CAS  Article  Google Scholar 

  9. 9.

    Lozano R, Naghavi M, Foreman K, Lim S, Shibuya K, Aboyans V, Abraham J, Adair T, Aggarwal R, Ahn SY, et al. Global and regional mortality from 235 causes of death for 20 age groups in 1990 and 2010: a systematic analysis for the Global Burden of Disease Study 2010. Lancet. 2012;380:2095–128.

    Article  Google Scholar 

  10. 10.

    Heron M. Deaths: leading causes for 2017. Natl Vital Stat Rep. 2019;68:1–77.

    PubMed  Google Scholar 

  11. 11.

    Benjafield AV, Ayas NT, Eastwood PR, Heinzer R, Ip MSM, Morrell MJ, Nunez CM, Patel SR, Penzel T, Pépin JL, et al. Estimation of the global prevalence and burden of obstructive sleep apnoea: a literature-based analysis. Lancet Respir Med. 2019;7:687–98.

    Article  Google Scholar 

  12. 12.

    Wu JT, Leung K, Bushman M, Kishore N, Niehus R, de Salazar PM, Cowling BJ, Lipsitch M, Leung GM. Estimating clinical severity of COVID-19 from the transmission dynamics in Wuhan China. Nat Med. 2020;26:506–10.

    CAS  Article  Google Scholar 

  13. 13.

    Guan WJ, Ni ZY, Hu Y, Liang WH, Ou CQ, He JX, Liu L, Shan H, Lei CL, Hui DSC, et al. Clinical characteristics of coronavirus disease 2019 in China. N Engl J Med. 2020;382:1708–20.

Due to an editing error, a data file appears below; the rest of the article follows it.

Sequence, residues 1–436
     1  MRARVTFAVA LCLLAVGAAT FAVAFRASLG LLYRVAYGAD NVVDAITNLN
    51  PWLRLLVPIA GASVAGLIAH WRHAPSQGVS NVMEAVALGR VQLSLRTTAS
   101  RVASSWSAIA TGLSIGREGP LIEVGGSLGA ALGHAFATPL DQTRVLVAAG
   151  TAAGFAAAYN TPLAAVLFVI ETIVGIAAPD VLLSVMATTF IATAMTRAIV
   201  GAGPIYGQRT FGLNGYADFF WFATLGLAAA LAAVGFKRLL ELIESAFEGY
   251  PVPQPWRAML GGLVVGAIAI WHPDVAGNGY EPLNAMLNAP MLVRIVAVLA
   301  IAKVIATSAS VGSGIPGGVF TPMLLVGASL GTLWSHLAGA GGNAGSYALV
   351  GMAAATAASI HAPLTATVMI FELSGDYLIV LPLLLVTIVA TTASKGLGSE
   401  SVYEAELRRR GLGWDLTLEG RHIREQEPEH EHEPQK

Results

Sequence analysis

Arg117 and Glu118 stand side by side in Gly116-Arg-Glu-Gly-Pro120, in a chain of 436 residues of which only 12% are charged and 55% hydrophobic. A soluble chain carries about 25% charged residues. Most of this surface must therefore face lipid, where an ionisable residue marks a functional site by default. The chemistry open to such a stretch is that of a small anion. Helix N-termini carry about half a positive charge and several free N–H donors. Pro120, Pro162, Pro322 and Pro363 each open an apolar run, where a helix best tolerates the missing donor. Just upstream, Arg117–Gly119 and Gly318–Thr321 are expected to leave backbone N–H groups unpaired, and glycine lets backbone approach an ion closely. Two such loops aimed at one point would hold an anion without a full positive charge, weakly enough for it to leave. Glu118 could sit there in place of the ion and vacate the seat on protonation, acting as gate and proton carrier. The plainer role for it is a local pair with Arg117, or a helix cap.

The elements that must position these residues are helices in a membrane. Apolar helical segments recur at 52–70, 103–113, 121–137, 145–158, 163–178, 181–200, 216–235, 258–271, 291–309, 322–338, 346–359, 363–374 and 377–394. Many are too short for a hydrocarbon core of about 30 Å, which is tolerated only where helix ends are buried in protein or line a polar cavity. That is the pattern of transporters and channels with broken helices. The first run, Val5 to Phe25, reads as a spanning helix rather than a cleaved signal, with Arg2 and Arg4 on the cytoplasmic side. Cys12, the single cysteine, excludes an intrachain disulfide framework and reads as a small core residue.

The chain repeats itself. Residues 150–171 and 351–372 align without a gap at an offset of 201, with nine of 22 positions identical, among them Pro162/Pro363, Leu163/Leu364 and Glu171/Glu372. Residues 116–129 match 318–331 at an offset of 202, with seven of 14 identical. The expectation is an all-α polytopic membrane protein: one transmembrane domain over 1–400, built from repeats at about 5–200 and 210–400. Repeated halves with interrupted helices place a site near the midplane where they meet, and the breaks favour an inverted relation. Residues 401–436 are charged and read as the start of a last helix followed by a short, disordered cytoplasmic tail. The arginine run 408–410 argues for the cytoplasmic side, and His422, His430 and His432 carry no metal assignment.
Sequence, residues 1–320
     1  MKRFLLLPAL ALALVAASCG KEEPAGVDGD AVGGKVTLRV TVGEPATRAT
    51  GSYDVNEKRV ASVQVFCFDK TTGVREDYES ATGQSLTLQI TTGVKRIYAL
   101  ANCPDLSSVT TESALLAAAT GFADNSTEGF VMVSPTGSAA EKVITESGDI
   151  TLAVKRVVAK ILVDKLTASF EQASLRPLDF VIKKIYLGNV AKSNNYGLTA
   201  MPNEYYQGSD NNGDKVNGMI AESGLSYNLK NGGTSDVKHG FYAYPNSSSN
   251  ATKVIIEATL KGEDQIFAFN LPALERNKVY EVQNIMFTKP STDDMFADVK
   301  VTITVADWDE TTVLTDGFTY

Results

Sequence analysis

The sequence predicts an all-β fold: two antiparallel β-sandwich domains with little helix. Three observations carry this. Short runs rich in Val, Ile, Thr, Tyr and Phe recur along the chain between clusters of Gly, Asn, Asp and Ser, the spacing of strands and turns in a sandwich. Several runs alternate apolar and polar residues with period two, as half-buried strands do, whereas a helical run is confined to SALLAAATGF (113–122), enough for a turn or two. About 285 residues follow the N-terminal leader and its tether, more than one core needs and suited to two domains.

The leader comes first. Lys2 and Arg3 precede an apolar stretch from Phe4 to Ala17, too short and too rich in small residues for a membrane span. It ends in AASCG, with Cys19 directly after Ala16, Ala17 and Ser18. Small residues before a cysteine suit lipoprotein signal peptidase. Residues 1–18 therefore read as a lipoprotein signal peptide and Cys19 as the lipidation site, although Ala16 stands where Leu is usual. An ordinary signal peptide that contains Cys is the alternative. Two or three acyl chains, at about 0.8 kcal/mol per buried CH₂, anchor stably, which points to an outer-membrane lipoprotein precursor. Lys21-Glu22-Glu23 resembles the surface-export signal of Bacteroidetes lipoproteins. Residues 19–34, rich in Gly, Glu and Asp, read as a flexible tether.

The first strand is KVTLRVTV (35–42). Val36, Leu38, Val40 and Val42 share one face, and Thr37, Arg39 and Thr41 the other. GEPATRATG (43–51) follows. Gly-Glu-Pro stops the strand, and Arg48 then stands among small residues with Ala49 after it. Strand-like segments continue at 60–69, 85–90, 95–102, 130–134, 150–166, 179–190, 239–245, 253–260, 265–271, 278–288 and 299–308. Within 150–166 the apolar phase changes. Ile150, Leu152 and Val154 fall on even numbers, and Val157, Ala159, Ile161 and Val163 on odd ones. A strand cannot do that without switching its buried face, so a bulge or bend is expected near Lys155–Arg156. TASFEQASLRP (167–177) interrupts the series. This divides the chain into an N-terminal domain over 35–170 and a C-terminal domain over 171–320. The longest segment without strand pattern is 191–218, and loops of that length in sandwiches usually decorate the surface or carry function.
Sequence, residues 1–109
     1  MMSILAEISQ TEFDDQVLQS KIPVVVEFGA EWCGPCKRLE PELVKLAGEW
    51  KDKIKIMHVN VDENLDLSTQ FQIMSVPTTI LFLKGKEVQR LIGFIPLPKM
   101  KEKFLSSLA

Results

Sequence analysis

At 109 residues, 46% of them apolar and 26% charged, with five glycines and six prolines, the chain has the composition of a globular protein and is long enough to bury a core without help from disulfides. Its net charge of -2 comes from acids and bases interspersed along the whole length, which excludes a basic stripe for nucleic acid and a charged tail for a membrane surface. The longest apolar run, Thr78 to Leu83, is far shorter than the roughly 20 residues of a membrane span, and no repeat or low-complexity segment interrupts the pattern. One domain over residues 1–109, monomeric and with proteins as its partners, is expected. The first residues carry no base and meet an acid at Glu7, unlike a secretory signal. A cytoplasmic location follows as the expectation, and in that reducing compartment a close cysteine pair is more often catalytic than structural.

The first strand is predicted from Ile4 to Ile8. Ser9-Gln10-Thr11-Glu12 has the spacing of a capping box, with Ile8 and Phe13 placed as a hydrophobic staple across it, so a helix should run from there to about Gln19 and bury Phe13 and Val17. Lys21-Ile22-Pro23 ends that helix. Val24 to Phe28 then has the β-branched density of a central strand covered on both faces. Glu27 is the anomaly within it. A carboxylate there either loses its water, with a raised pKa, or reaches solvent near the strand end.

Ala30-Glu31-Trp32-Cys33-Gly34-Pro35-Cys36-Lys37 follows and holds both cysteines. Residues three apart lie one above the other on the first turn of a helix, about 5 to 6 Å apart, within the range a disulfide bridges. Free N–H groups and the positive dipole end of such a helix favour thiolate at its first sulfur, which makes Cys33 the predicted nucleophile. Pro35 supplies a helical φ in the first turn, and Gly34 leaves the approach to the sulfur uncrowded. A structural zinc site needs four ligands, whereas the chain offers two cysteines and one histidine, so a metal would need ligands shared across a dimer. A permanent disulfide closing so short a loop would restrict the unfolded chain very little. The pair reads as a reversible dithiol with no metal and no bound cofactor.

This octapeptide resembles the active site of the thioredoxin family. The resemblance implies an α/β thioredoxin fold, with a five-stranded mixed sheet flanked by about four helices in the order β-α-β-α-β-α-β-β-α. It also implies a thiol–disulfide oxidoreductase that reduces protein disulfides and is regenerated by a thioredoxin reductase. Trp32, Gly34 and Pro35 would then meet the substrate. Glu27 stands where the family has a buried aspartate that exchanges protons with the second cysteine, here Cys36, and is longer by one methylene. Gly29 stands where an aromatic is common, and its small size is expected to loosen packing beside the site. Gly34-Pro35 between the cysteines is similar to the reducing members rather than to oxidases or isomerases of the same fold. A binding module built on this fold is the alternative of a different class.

CAS  Article  Google Scholar 

  14. 14.

    Faust JS, Del Rio C. Assessment of deaths from COVID-19 and from seasonal influenza. JAMA Intern Med. 2020;180:1045–6.

    CAS  Article  Google Scholar 

  15. 15.

    Sudharsanan N, Didzun O, Bärnighausen T, Geldsetzer P. The contribution of the age distribution of cases to COVID-19 case fatality across countries: a 9-country demographic study. Ann Intern Med. 2020;22:M20-2973.

    Google Scholar 

  16. 16.

    Strzelak A, Ratajczak A, Adamiec A, Feleszko W. Tobacco smoke induces and alters immune responses in the lung triggering inflammation, allergy, asthma and other lung diseases: a mechanistic review. Int J Environ Res Public Health. 2018. https://doi.org/10.3390/ijerph15051033.

    Article  PubMed  PubMed Central  Google Scholar 

  17. 17.

    Arcavi L, Benowitz NL. Cigarette smoking and infection. Arch Intern Med. 2004;164:2206–16.

    Article  Google Scholar 

  18. 18.

    Vardavas CI, Nikitara K. COVID-19 and smoking: a systematic review of the evidence. Tob Induc Dis. 2020;18:20.

    Article  Google Scholar 

  19. 19.

    Gupta S, Hayek SS, Wang W, Chan L, Mathews KS, Melamed ML, Brenner SK, Leonberg-Yoo A, Schenck EJ, Radbel J, et al. Factors associated with death in critically Ill patients with coronavirus disease in the US. JAMA Intern Med. 2019;2020:15.

    Google Scholar 

  20. 20.

    Huang C, Wang Y, Li X, Ren L, Zhao J, Hu Y, Zhang L, Fan G, Xu J, Gu X, et al. Clinical features of patients infected with 2019 novel coronavirus in Wuhan China. Lancet. 2020;395:497–506.

    CAS  Article  Google Scholar 

  21. 21.